Necropsy findings were few, and the most frequent finding was pale pancreas. No macroscopic or microscopic signs of pancreatitis were noted in rats dosed for 2 years with liraglutide (Table 2). The histological examination of the pancreas for neoplastic and nonneoplastic histological changes (Table 4) showed several common findings in the exocrine pancreas, with no evidence of treatment-related effects (P > 0.05). The most common finding was that of pancreatic atrophy being observed at a higher rate in males than females but with no significant difference between groups in either sex (P > 0.05). Additional examination of the endocrine pancreas did not show any treatment-related effects concerning islet cell hyperplasia and benign adenomas.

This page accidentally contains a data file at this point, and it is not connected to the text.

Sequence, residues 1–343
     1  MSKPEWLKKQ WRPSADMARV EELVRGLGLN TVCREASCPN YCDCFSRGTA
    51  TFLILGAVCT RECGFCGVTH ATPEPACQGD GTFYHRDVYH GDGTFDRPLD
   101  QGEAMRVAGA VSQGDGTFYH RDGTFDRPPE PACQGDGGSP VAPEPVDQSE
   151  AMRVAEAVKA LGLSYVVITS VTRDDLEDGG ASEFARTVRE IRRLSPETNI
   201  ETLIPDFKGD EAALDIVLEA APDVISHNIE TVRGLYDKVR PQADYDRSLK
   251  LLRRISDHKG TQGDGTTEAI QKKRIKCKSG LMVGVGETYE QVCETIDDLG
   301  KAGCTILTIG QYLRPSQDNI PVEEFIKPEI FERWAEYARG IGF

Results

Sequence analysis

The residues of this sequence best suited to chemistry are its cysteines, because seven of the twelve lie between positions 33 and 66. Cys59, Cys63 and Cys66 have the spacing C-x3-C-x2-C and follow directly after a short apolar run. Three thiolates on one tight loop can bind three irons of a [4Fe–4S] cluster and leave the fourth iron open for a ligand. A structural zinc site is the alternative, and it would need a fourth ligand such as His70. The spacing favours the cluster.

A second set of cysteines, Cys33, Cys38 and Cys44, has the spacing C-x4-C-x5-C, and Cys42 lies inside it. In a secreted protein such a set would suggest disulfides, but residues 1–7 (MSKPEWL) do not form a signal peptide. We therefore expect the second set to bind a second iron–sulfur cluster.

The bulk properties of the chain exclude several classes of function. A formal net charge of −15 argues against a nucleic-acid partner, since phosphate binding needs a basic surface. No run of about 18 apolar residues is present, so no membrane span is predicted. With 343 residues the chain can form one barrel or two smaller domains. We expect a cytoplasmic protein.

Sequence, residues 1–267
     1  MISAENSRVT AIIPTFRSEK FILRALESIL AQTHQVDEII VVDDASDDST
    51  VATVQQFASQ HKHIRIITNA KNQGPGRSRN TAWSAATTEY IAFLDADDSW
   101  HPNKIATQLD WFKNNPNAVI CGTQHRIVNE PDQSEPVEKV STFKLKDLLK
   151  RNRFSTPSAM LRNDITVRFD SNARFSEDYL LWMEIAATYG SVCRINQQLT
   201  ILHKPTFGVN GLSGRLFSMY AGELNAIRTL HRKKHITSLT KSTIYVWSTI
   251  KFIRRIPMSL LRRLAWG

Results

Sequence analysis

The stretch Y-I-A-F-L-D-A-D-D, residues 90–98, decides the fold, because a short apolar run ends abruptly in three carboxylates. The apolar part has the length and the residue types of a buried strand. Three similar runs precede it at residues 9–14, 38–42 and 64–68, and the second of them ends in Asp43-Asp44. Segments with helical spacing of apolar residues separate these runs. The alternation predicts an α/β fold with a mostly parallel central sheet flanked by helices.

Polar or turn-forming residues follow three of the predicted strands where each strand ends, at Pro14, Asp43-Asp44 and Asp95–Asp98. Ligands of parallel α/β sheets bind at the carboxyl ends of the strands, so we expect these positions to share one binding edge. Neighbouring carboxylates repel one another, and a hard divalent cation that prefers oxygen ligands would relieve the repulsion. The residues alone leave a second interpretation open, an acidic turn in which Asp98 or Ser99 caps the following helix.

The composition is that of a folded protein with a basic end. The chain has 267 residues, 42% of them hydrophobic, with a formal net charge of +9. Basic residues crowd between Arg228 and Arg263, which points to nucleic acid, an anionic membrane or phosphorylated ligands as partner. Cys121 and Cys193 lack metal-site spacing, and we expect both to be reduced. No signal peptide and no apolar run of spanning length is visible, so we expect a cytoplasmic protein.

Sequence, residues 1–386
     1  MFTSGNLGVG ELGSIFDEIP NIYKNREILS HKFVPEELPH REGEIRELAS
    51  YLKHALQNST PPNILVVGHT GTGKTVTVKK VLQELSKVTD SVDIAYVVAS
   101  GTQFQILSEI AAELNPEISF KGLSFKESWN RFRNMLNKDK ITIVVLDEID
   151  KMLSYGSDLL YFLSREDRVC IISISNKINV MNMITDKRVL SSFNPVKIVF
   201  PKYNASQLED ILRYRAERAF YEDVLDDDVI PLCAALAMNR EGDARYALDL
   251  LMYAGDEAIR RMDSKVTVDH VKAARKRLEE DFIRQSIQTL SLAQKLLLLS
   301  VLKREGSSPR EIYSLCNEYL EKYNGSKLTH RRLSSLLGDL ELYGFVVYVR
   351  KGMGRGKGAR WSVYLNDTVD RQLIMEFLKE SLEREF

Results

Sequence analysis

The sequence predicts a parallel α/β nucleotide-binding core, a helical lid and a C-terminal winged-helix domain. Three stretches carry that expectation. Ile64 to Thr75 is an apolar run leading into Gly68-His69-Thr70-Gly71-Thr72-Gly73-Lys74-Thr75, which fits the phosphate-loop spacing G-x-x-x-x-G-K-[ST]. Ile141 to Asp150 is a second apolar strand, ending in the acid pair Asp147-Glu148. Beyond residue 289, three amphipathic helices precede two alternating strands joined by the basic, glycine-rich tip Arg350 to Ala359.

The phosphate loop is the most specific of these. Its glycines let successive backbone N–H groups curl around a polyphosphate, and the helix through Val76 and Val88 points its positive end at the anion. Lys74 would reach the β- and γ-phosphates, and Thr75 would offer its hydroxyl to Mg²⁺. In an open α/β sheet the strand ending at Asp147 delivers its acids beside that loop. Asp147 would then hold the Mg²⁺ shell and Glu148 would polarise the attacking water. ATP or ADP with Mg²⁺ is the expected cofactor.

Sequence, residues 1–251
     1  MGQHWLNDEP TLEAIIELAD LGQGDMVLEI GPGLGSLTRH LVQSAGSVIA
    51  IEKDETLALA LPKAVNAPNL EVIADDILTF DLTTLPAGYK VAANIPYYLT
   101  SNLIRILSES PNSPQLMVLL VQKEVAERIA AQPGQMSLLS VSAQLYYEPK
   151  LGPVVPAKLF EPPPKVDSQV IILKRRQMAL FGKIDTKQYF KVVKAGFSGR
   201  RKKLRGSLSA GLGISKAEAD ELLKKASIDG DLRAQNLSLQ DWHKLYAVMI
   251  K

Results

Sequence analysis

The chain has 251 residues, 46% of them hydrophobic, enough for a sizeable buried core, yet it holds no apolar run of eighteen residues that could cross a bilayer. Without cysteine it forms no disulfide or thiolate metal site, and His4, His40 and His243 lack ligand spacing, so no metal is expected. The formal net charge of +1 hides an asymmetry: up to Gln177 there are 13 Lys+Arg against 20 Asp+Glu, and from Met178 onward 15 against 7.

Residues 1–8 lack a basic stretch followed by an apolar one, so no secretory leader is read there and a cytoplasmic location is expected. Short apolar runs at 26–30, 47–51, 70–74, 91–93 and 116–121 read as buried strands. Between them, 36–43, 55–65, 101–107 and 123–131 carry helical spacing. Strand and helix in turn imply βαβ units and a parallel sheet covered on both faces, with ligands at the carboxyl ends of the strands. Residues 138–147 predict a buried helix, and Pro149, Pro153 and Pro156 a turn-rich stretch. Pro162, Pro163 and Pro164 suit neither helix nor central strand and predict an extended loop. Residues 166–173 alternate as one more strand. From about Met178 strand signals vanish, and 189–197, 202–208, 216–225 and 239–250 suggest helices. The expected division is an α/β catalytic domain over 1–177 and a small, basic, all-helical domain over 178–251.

Nonhuman primate repeat-dose toxicity studies.
There were no macroscopic observations compatible with pancreatitis in the 4-, 13-, and 52-week studies. There were no microscopic signs of inflammatory responses in the exocrine pancreas in the 4-week study. In the 13-week study, minimal focal inflammatory cell infiltration in the exocrine pancreas was seen in one control female and one high-dose liraglutide male (of six monkeys at each dose level and sex). After a recovery period of 2 weeks following the 13-week treatment, minimal inflammatory cell foci were noted in one high-dose recovery male monkey. In the 52-week study, minimal focal inflammatory cell infiltration of the exocrine pancreas was seen in one male in the high-dose group, one female in the low-dose group, and in one control male monkey. There were no histological signs of pancreatitis or signs of proliferative or preneoplastic lesions in the exocrine ductal epithelium (PanINs) in nonhuman primates dosed for up to 52 weeks. In the 87-week nonhuman primate study, there were no histological signs of pancreatitis (Table 2). Focal inflammatory cell infiltration in the pancreas was observed in a few animals in the high–liraglutide dose group (Table 5). No proliferative or preneoplastic lesions were found in exocrine ductal epithelium (PanINs), when examining all the high-dose group animals.